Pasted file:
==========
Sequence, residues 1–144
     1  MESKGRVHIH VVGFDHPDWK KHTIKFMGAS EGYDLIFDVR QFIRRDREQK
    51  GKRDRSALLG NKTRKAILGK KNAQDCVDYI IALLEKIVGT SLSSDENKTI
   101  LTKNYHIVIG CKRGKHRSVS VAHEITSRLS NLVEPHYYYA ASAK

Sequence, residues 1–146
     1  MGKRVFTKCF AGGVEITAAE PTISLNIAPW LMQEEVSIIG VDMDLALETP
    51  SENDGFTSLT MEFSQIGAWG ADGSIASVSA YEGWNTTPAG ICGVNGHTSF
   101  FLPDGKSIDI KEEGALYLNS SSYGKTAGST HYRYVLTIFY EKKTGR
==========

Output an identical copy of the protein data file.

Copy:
Sequence, residues 1–144
     1  MESKGRVHIH VVGFDHPDWK KHTIKFMGAS EGYDLIFDVR QFIRRDREQK
    51  GKRDRSALLG NKTRKAILGK KNAQDCVDYI IALLEKIVGT SLSSDENKTI
   101  LTKNYHIVIG CKRGKHRSVS VAHEITSRLS NLVEPHYYYA ASAK

Sequence, residues 1–146
     1  MGKRVFTKCF AGGVEITAAE PTISLNIAPW LMQEEVSIIG VDMDLALETP
    51  SENDGFTSLT MEFSQIGAWG ADGSIASVSA YEGWNTTPAG ICGVNGHTSF
   101  FLPDGKSIDI KEEGALYLNS SSYGKTAGST HYRYVLTIFY EKKTGR